One day after the stunning news of his resignation from the British House of Commons was leaked to the press, former Labour MP David Miliband explained that he feared his presence would be a “distraction” from the leadership of his younger brother, Labour boss Ed Miliband, of the party in the next election.
David, a former foreign secretary under ex-Prime Minister Gordon Brown and once slated to become the head of Labour himself, has quit Parliament in order to take a job with a New York-based charity called the International Rescue Committee.
"I feared being a distraction in whatever role I played at Westminster,” David, only 47, told BBC.
"I feel a sense of sadness because I am British. I love Britain. I am passionate about Labour, but I have had to make a choice about where I can make my best contribution."
He added: "I have wrestled with this very, very hard, and I have tried to make a decision that I honestly say to Labour members and supporters that is right for me and for the Labour Party. I want it to be the vision Ed Miliband has versus the vision David Cameron has. Not Ed and David Miliband. I didn't want to become a distraction. I didn't want the soap opera to take over the real substance of what needs to be done."
There have long existed rumors of sibling rivalry between David and Ed -- in 2010, Ed won the leadership of Labour by a small margin over his brother, largely due to the efforts of unions.
“Having spoken to him a lot over the past few months, I know how long and hard he thought about this before deciding to take up the offer,” Ed said in a statement.
"We went through a difficult leadership contest but time has helped to heal that. I will miss him. But although he is moving to America, I know he will always be there to offer support and advice when I need it."
Former Prime Minister Tony Blair, who employed David as his secretary of state for environment, praised him as “a truly distinguished minister in the government and remains one of the most capable progressive thinkers and leaders globally,” adding that his departure is a “massive loss to UK politics.”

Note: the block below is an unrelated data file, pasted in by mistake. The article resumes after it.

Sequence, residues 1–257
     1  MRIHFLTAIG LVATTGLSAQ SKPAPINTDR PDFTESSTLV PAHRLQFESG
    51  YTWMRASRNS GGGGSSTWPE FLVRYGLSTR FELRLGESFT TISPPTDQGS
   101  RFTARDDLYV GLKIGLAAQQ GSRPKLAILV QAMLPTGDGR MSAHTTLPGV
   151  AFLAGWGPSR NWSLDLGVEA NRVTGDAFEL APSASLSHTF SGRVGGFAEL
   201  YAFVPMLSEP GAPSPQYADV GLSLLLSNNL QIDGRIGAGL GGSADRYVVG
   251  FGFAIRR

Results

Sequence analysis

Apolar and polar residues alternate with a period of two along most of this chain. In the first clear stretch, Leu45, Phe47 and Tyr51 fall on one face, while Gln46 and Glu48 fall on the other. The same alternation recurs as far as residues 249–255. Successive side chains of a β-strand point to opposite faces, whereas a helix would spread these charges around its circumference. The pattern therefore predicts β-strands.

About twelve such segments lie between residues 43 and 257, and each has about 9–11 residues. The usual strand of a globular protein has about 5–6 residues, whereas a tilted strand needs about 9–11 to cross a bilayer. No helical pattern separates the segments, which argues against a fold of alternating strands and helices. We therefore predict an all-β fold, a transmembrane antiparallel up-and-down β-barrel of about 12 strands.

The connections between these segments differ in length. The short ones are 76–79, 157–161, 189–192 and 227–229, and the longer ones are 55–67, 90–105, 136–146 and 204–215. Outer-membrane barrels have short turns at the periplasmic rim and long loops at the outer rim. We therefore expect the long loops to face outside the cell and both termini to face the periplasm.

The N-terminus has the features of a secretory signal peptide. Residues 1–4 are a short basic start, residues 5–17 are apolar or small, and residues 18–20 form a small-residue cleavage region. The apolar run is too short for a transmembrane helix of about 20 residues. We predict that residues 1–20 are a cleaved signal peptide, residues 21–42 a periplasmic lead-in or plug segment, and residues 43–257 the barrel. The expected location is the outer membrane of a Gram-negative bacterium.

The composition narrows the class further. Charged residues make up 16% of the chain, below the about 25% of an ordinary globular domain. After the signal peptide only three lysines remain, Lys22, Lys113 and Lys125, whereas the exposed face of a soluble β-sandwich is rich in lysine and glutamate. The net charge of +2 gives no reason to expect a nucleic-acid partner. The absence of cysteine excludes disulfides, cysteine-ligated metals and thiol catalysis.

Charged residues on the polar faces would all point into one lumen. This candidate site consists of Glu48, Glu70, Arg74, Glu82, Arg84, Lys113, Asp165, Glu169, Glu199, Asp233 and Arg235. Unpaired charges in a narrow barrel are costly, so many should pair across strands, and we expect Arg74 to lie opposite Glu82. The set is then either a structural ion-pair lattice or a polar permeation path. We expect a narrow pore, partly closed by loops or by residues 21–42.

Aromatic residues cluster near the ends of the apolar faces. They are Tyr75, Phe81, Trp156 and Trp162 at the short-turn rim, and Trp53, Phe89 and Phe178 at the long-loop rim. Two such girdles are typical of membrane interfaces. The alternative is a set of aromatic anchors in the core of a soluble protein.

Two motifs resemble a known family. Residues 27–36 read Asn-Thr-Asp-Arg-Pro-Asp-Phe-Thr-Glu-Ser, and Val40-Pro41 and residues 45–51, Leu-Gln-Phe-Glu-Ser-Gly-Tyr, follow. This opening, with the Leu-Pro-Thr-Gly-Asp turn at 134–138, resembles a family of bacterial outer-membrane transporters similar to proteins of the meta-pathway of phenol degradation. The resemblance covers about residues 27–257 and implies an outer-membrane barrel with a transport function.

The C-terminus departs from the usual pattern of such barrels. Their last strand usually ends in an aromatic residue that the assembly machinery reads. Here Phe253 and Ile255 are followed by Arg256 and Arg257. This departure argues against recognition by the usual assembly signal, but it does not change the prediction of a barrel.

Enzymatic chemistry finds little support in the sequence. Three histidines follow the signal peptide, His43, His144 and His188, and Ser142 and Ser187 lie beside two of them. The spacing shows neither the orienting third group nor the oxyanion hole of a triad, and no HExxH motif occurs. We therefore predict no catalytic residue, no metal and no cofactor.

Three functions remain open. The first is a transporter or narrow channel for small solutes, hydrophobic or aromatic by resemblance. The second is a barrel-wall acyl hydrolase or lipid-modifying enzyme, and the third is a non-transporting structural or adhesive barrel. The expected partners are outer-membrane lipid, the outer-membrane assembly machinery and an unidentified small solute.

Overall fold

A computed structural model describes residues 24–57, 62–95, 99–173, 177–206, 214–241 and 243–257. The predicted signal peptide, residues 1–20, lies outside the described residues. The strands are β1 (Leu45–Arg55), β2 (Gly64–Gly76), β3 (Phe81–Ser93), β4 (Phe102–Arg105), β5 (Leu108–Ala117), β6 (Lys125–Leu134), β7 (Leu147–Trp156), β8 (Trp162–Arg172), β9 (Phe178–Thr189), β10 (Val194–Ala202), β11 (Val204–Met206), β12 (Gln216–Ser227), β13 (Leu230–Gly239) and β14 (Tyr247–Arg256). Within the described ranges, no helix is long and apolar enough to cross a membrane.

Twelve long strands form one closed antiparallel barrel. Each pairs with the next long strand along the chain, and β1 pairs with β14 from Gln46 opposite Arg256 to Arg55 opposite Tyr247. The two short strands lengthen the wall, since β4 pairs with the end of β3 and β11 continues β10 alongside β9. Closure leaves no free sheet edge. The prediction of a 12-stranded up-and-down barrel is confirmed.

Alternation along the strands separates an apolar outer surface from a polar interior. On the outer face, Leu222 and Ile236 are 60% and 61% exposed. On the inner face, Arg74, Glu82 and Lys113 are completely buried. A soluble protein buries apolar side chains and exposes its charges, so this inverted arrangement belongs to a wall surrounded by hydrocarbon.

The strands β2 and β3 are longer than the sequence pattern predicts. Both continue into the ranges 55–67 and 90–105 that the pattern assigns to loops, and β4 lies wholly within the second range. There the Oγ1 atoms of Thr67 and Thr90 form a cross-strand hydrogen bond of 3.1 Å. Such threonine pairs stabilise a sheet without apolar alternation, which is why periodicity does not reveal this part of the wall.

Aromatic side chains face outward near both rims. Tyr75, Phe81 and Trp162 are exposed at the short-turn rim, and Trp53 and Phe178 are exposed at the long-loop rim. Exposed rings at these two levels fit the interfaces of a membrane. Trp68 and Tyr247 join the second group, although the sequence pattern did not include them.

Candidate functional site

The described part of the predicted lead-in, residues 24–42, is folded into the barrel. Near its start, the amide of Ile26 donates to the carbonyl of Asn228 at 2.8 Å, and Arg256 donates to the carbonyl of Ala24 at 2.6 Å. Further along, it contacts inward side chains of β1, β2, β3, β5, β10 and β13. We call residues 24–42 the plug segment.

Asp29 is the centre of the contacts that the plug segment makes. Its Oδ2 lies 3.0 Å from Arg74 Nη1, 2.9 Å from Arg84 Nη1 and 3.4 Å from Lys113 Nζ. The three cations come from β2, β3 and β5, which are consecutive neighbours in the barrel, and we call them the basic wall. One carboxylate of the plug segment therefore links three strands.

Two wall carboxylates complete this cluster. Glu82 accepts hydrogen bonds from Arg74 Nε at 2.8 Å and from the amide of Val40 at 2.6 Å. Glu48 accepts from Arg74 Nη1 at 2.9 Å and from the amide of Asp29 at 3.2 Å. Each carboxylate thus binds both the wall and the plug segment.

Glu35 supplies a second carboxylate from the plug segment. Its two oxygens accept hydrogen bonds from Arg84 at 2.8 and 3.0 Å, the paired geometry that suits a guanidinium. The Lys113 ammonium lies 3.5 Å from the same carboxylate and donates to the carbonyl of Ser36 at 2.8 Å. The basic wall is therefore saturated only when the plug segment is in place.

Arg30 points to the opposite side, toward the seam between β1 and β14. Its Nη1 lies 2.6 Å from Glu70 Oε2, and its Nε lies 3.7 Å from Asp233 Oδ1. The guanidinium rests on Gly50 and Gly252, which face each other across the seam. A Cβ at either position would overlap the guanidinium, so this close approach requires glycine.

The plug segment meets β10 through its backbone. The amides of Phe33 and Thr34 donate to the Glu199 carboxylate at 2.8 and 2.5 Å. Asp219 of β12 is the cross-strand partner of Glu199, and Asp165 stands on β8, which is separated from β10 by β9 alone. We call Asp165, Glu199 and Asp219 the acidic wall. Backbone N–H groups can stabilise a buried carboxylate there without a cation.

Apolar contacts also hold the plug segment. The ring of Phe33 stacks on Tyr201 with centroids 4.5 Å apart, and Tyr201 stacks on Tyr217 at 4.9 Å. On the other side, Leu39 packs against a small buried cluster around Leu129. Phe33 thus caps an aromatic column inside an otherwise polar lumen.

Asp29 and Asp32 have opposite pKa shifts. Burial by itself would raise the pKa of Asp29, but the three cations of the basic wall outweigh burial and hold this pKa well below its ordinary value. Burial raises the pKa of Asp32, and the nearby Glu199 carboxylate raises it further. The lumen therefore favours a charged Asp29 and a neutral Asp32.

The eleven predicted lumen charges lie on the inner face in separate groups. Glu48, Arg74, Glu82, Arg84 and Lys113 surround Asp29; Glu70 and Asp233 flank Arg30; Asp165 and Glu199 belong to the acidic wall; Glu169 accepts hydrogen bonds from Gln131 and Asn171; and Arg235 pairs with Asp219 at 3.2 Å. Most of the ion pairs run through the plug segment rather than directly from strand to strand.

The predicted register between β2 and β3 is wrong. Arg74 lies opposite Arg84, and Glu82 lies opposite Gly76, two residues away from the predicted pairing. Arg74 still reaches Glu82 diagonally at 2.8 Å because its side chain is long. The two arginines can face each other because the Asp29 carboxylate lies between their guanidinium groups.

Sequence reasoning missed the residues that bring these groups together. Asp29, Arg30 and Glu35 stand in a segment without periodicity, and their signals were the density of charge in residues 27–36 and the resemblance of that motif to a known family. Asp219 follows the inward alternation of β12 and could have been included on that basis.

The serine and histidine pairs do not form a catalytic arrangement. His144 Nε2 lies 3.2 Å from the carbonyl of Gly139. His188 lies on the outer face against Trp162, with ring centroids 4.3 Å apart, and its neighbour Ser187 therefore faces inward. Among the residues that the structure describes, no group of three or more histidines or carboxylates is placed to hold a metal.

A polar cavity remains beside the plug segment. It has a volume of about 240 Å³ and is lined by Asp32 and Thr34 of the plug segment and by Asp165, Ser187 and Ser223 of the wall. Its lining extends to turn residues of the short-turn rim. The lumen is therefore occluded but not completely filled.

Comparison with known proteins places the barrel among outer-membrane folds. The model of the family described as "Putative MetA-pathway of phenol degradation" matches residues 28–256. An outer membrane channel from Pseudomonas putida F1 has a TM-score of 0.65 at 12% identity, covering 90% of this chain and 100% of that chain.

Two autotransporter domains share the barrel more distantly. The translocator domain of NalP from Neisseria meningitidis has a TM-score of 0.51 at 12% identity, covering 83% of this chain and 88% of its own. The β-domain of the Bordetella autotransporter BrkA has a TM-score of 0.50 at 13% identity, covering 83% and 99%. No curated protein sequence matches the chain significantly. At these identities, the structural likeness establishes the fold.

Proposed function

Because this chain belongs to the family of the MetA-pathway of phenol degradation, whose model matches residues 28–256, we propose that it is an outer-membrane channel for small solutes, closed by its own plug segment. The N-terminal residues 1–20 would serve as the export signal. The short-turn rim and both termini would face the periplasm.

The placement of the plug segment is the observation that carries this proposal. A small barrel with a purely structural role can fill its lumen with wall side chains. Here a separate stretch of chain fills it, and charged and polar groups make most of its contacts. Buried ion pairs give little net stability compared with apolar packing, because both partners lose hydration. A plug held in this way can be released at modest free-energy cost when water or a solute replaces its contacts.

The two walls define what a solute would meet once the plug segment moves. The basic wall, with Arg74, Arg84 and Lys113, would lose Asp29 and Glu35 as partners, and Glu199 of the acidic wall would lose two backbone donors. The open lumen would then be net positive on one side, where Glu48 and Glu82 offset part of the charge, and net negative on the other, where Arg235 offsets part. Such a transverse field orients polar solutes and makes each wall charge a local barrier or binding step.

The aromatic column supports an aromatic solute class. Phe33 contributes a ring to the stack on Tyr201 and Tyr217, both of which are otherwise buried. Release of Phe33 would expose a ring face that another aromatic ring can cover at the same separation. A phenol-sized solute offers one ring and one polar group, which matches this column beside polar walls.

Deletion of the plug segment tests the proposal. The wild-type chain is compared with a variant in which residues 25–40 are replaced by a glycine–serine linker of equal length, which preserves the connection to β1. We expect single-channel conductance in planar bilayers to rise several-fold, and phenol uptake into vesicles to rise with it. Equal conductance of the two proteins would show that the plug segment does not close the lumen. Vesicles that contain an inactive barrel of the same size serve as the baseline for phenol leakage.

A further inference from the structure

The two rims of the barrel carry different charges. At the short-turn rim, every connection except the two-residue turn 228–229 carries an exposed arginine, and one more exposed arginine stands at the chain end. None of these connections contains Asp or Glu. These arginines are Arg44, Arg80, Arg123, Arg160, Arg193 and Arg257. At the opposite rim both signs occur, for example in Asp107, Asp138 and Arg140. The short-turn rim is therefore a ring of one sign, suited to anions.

Victoria Honeyman, a lecturer in British politics at the University of Leeds, noted that David Miliband was in a very difficult position.
“As he was, by many, seen as the leader-in-waiting under Brown, and then defeated by the narrowest of margins by Ed, his position has been extremely tricky both for himself and for Ed.”
Honeyman noted that David had been asked by Ed to take on a major role within the Shadow Cabinet -- Shadow Chancellor was even mentioned, according to some reports, but David declined this offer.
But had he become a member of the Shadow Cabinet, he would again have been seen as an alternative leader-in-waiting, she said.
“As Ed Miliband and the Labour Party are not doing perhaps as well as they ought to be at this point in the election cycle and with the economic doom continuing, David would have been a constant source of rumors and a focus for disgruntled and unhappy Labour Party members to focus on.”
Sitting on the backbenches caused other problems, she added.
“It looked like he was sulking,” Honeyman commented. “Additionally, it didn't remove him as a target for rumors of leadership plots and the like. He was largely damned if he did and damned if he didn't. If David wasn't willing to challenge Ed for the leadership, then really a move out of frontline politics was the way to go. It wasn't necessarily a shocking decision, although the timing was a little surprising. As to whether his relationship with Ed will ever recover, who knows?”